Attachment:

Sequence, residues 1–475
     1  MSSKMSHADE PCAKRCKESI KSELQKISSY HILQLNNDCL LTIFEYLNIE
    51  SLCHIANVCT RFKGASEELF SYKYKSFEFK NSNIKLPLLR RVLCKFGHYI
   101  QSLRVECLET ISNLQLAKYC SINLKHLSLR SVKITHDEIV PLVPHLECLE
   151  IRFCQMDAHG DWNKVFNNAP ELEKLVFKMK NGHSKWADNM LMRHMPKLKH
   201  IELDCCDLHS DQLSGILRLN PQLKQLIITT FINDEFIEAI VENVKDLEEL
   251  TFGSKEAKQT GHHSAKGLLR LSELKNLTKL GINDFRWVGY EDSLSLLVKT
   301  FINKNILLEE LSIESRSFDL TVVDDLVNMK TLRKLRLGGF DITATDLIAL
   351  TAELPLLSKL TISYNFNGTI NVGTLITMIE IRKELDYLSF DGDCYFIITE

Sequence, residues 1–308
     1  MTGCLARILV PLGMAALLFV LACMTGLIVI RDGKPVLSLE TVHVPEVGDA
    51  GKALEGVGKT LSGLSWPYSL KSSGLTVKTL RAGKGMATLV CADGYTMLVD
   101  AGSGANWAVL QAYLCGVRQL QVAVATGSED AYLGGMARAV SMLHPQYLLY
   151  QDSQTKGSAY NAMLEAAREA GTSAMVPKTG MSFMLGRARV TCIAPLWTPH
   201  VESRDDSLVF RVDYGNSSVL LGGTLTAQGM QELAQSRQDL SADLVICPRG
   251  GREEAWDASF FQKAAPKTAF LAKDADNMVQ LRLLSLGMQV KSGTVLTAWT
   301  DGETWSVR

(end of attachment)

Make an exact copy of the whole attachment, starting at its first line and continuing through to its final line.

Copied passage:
Sequence, residues 1–475
     1  MSSKMSHADE PCAKRCKESI KSELQKISSY HILQLNNDCL LTIFEYLNIE
    51  SLCHIANVCT RFKGASEELF SYKYKSFEFK NSNIKLPLLR RVLCKFGHYI
   101  QSLRVECLET ISNLQLAKYC SINLKHLSLR SVKITHDEIV PLVPHLECLE
   151  IRFCQMDAHG DWNKVFNNAP ELEKLVFKMK NGHSKWADNM LMRHMPKLKH
   201  IELDCCDLHS DQLSGILRLN PQLKQLIITT FINDEFIEAI VENVKDLEEL
   251  TFGSKEAKQT GHHSAKGLLR LSELKNLTKL GINDFRWVGY EDSLSLLVKT
   301  FINKNILLEE LSIESRSFDL TVVDDLVNMK TLRKLRLGGF DITATDLIAL
   351  TAELPLLSKL TISYNFNGTI NVGTLITMIE IRKELDYLSF DGDCYFIITE

Sequence, residues 1–308
     1  MTGCLARILV PLGMAALLFV LACMTGLIVI RDGKPVLSLE TVHVPEVGDA
    51  GKALEGVGKT LSGLSWPYSL KSSGLTVKTL RAGKGMATLV CADGYTMLVD
   101  AGSGANWAVL QAYLCGVRQL QVAVATGSED AYLGGMARAV SMLHPQYLLY
   151  QDSQTKGSAY NAMLEAAREA GTSAMVPKTG MSFMLGRARV TCIAPLWTPH
   201  VESRDDSLVF RVDYGNSSVL LGGTLTAQGM QELAQSRQDL SADLVICPRG
   251  GREEAWDASF FQKAAPKTAF LAKDADNMVQ LRLLSLGMQV KSGTVLTAWT
   301  DGETWSVR